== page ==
At issue were three provisions: (1) a post-employment non-solicit of employees; (2) a post-employment noncompete; and (3) a requirement that employees must, during their employment, “keep Employer informed concerning any and all offers or solicitations of employment that Employee may receive from third-parties so that Employer may protect its rights under this Agreement.”

The judge found that all three provisions would dissuade a reasonable employee from engaging in activities protected by the NLRA, including discussing wages or benefits, bargaining for improved working conditions, or joining a union.  The judge deemed the noncompete’s scope, covering any “similar or competitive” business, as “ridiculously broad” given the risk of retaliation:

If an employee knows they are barred from being involved in any capacity with any company that operates a similar business to [the employer], they will logically be more fearful of being fired and less willing to rock the boat because they face the prospect of being unable to find any work in their geographic area if they are fired or forced to leave their job.

Finally, the judge held that more narrowly tailored provisions in the agreements, including provisions which required employees to turn over confidential and proprietary information and prohibited employees from attempting to divert customers, adequately protected the employer’s interests.

S&K Take:  As previously reported, the NLRB’s General Counsel made clear her intention to target noncompete and non-solicitation provisions as chilling NLRA-protected activity.  This is the first time we’re aware of that a judge invalidated such provisions under this theory.  Notably, however, the judge did not go so far as to state that restrictive covenants are per se unlawful under the NLRA and distinguished this case from others where the restrictions were not so broadly prohibitive of protected conduct.  Employers should carefully review and narrowly tailor their restrictive covenants with appropriate carveout language.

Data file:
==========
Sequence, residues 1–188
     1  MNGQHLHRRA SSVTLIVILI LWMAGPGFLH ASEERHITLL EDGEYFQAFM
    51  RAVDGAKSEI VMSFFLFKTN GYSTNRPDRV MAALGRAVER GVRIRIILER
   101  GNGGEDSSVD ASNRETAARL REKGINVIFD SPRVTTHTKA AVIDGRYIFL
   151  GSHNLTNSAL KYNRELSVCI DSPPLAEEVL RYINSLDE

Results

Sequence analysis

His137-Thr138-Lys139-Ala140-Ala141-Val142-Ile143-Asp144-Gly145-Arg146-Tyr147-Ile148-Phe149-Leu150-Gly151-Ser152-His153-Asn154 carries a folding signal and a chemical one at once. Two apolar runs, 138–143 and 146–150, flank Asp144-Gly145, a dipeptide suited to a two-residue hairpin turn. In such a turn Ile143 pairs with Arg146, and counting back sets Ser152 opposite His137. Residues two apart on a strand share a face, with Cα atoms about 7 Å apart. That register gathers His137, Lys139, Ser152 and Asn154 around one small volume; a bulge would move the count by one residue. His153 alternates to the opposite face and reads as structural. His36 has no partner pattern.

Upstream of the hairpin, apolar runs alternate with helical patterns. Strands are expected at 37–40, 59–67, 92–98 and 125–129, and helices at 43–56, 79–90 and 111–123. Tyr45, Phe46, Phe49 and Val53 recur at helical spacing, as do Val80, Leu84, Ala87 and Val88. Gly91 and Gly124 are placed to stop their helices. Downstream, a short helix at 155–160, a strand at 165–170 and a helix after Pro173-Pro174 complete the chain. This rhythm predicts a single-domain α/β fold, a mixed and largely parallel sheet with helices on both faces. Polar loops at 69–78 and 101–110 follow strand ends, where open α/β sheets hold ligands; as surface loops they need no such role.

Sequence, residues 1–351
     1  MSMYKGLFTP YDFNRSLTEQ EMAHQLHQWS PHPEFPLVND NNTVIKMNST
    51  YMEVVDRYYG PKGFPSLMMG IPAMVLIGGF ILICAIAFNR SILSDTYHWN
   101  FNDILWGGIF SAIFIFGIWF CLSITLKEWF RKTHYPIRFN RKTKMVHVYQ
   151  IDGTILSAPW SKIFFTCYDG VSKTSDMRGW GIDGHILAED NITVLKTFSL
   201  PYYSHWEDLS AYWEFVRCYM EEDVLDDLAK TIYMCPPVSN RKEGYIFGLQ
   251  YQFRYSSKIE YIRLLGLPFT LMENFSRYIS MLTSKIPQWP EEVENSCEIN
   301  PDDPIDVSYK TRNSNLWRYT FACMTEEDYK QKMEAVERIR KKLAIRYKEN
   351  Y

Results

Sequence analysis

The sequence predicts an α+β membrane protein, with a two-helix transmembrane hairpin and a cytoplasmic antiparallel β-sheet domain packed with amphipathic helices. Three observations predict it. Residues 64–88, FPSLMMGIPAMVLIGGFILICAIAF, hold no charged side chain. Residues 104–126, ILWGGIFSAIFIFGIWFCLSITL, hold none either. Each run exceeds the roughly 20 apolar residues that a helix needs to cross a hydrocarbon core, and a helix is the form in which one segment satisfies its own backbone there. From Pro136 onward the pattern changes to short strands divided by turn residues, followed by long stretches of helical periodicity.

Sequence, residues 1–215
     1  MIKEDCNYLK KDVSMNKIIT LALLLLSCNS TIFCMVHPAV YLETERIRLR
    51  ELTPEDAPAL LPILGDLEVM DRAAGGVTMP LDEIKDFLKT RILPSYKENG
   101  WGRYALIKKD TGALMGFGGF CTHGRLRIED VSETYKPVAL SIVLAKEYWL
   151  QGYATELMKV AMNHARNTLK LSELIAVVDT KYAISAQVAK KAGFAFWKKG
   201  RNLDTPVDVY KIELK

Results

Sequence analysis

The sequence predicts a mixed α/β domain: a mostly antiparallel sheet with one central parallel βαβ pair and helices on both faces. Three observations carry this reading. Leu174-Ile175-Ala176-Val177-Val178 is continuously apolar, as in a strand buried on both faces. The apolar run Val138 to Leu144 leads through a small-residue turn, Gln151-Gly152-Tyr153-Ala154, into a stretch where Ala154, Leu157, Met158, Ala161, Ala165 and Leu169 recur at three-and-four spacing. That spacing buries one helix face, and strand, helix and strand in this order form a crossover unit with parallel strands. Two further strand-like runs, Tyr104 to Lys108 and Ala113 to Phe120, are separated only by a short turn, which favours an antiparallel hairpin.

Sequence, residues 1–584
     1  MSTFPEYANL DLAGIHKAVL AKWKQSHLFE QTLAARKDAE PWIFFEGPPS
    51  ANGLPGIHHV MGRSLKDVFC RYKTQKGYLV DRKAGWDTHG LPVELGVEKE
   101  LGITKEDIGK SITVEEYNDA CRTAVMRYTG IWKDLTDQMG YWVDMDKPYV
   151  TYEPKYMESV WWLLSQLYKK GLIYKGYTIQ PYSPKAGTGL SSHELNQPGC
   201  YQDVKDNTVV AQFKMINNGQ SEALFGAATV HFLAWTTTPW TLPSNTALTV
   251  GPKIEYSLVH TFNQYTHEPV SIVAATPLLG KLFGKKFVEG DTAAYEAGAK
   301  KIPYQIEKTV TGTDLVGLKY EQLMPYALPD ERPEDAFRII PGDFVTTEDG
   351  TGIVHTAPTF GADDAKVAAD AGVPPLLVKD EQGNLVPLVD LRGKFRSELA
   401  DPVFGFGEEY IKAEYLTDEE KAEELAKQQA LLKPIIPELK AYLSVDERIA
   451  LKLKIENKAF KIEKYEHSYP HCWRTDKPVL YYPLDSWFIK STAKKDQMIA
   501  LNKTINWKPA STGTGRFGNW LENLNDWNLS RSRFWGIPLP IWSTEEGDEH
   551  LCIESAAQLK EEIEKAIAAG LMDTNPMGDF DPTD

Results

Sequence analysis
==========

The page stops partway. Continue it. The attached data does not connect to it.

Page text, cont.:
Eighth Circuit enforces two-year noncompete against departing executive

The U.S. Court of Appeals for the Eighth Circuit, reviewing a Missouri district court’s ruling, affirmed a preliminary injunction enforcing a two-year noncompete to prevent Cigna Corp.’s former executive from joining CVS Health Corp.

The court noted that the executive signed the noncompete with the advice of counsel when promoted to president of Cigna, and that since she voluntarily resigned from Cigna to join CVS, the consequences are “of her own making.”  The court also held the noncompete was reasonable and necessary to protect Cigna’s business interests because the executive had “intimate knowledge about Cigna’s inner workings,” including knowledge of at least one trade secret, and that her employment with CVS posed a serious threat to Cigna because it and CVS were each other’s largest direct competitors and identical in “virtually every aspect” of their businesses.  The court found further that the relative harm to Cigna in striking the noncompete outweighed the harm to the executive and CVS in enforcing it because CVS had agreed to pay the executive’s full salary for the full two-year duration of the noncompete, even if she performed no work for CVS.